Parent Involvement in Early Childhood Education by 81ZTt02

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									Parent Involvement in
   Early Childhood
     Education
Family Involvement in
 Education Makes A
Difference In School
      Success –
     Start Now !
 Research Shows Parent
  Involvement Makes A
       Difference
• Helps Children get ready to enter
  school
• Promotes School Success
• Prepares Youth for College
• Promotes Success in Adult Life
      What Can I Do
       At Home?
• Look for everyday learning opportunities at home
• Talk, using complex words and sentences
• Read to your young children every day
• Have books in your home, provide an example –
  read for pleasure
• Teach them to identify letters and numbers
• Connect printed words and letters to sounds
     What Can I Do
      At Home?
• Name, count, sort household objects
• Explore the world of nature with your
  child
• Provide consistent routines and discipline
• Monitor and limit “screen time”
• Name feelings and talk about how you
  handle them.
 What About When My
 Child Starts School?
• Seek out quality preschool experiences, check out
  the staff, their credentials, the discipline policy
  and whether the program is accredited
• Volunteer in the classroom and for any policy
  making committees
• Attend parent-teacher conferences
• Communicate regularly with staff
• Voice your concerns and express your thanks
What More Can I Do
 To Be Involved?
• Take parent education programs in the
  community or in-home, if offered
• Attend parent-child activity groups, if
  offered by your school, library, etc.
• Access other community resources if your
  family needs help
   What About Dads?
• Two involved parents are better than one!
• Research shows positive outcomes for
  school success and social adaptation when
  dads are involved
• Other males can take on these roles
    Different Parenting
          Styles
• Moms and Dads tend to have different
  parenting styles
• Father is more likely to be playful, to
  encourage risk taking and not as quick to
  intervene in the face of child’s frustration.
• Mother is more likely to provide physical
  care, more likely to stress emotional
  security and personal safety, quicker to
  intervene in child’s frustration.
Positive Outcomes When
   Dads Are Involved
• Better grades at school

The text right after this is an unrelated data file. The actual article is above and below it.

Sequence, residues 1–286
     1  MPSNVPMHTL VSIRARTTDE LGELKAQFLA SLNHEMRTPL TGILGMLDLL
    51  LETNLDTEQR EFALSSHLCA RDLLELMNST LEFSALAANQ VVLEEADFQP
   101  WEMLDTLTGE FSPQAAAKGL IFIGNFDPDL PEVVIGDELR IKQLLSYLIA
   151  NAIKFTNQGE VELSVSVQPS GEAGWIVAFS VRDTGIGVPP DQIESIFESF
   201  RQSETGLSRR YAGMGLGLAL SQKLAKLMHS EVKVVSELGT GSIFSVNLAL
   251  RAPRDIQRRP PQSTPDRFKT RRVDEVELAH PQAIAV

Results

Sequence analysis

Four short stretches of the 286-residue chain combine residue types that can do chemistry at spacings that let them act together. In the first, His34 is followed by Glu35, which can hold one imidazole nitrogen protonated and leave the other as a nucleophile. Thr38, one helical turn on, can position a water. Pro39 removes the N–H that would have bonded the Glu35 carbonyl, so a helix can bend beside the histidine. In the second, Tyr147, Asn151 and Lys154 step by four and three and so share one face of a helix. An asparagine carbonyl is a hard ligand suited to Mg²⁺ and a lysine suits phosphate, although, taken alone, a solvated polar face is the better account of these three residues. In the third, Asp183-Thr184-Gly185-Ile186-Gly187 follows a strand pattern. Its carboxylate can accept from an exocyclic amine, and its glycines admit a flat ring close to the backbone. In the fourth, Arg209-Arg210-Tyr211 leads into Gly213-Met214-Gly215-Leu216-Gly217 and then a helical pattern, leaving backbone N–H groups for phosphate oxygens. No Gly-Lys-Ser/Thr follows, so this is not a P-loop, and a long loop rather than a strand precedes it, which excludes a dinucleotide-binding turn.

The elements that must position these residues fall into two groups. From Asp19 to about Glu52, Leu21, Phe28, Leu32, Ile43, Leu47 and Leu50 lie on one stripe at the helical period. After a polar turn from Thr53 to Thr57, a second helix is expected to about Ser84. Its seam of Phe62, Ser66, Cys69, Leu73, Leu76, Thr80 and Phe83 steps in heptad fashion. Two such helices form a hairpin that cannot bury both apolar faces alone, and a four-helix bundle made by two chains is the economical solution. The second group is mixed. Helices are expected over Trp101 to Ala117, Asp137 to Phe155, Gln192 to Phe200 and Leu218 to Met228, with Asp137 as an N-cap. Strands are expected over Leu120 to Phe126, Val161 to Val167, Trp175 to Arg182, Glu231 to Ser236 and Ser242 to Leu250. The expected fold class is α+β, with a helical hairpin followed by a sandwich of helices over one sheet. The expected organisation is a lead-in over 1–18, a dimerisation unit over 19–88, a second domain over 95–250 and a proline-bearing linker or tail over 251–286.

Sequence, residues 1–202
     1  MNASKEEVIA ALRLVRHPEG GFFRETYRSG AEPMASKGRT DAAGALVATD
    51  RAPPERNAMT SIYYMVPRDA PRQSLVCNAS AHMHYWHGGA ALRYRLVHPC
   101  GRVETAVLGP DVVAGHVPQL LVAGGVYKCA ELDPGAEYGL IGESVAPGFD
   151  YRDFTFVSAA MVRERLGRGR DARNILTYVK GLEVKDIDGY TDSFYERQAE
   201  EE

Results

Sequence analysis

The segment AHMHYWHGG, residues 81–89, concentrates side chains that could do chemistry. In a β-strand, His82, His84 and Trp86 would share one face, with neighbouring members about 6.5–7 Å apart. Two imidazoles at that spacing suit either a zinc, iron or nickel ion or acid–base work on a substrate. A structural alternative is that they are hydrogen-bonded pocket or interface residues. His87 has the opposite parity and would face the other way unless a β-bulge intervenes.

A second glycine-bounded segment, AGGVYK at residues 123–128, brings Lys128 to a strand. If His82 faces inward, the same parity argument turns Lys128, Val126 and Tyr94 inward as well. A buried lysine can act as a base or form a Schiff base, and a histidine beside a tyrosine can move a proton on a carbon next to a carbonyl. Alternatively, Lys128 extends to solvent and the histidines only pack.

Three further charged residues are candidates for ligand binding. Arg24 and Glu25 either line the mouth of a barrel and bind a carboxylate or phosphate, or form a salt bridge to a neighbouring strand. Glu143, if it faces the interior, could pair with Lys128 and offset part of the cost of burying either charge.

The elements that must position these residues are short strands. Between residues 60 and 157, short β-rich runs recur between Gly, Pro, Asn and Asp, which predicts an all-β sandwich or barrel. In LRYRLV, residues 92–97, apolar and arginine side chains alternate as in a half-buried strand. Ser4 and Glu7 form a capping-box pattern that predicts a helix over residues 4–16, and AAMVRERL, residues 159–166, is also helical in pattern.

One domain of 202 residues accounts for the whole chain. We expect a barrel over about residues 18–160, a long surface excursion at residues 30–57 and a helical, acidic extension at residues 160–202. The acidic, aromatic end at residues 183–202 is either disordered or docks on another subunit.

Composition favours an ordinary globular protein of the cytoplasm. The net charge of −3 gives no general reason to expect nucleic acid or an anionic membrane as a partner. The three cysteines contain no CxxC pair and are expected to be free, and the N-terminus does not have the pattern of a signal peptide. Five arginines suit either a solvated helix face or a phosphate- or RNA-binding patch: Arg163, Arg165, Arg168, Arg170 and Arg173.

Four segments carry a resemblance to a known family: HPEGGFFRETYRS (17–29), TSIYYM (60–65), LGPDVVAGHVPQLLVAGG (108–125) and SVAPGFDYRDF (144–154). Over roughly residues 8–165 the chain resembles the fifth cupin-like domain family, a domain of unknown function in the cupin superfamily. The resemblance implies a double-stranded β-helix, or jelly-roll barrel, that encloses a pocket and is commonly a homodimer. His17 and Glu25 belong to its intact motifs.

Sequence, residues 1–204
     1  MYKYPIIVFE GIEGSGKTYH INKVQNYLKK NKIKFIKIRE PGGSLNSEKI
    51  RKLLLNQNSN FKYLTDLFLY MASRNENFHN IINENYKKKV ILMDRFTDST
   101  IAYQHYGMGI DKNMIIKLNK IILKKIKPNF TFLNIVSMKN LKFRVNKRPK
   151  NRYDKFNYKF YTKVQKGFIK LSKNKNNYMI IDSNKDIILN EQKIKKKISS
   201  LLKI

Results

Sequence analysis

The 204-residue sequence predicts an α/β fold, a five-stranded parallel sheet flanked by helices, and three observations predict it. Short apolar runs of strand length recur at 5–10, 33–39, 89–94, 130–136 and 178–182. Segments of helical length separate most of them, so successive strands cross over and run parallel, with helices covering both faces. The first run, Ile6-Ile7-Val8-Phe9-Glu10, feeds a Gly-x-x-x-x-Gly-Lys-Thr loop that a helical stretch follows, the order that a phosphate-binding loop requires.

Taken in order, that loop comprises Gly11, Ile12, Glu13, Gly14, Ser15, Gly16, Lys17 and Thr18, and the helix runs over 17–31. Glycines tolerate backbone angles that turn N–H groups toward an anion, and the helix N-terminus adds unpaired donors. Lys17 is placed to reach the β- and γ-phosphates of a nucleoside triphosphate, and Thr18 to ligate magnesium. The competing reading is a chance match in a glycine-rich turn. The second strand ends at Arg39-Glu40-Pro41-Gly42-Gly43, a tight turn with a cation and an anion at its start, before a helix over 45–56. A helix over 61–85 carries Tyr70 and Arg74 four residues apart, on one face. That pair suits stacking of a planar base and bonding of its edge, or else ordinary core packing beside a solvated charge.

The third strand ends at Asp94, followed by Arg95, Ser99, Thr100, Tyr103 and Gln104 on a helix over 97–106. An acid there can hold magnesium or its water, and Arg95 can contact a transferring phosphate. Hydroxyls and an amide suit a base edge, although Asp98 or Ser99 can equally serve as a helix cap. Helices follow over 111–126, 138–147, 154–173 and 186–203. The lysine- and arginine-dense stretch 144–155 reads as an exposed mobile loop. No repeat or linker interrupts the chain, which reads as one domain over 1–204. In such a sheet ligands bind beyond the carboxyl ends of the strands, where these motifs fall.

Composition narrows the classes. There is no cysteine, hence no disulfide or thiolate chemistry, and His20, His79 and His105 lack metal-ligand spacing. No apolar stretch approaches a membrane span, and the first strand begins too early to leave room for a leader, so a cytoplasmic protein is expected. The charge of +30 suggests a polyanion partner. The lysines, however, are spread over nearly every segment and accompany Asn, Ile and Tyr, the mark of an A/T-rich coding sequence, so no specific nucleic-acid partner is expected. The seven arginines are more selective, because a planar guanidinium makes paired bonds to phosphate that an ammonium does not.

• More likely to enjoy school
• More likely to participate in
  extracurricular activities
• Less likely to repeat a grade
• Less likely to be truant or to be expelled
• These positive outcomes continue: less
  delinquency, delayed sexual activity,
  increased empathy and pro-social behavior
     What Keeps Parents
     From Being Involved?
•   Time
•   Culture / Personality
•   Parents own history at school
•   Uncertainty
•   Some schools may not welcome parents
•   May be other issues for dads:
    – Staff may seem to prefer or expect to work with mom
    – More school staff are women
    – More boys have difficulties at school
    National PTA Standards
    for Parent Involvement
•   Communication
•   Parenting
•   Student learning
•   Volunteering
•   School decision making & advocacy
•   Collaborating with the community
             Summary
The research shows that family involvement in early
childhood education makes a difference in school
success and throughout life
Look for everyday learning experiences in the home.
Sign up for home visiting programs, parent education
and parent support programs, parent-child activity
groups, etc.
Be involved in your child’s preschool program
Male involvement is important in a child’s development
Stay involved in your child’s education from Pre-K - 12
             References
• “Early Childhood Standards of Quality for
  Prekindergarten” Michigan State Board of
  Education. March 8, 2005
• “Family Involvement in Early Childhood Education”
  Harvard Family Research Project. Spring, 2006
• “Father Presence / Father Involvement”
  Minnesota Institute of Public Health.
• “Father Facts” National Fatherhood Initiative.
  2002 www.fatherhood.org
• “Parent Guides” #18 & #19, Michigan Department
  of Education. www.michigan.gov/mde
                                  Prepared by:
                                  Mike Acosta, School Social Worker
                                  Wexford Missaukee I.S.D.
                                  macosta@wmisd.org

								
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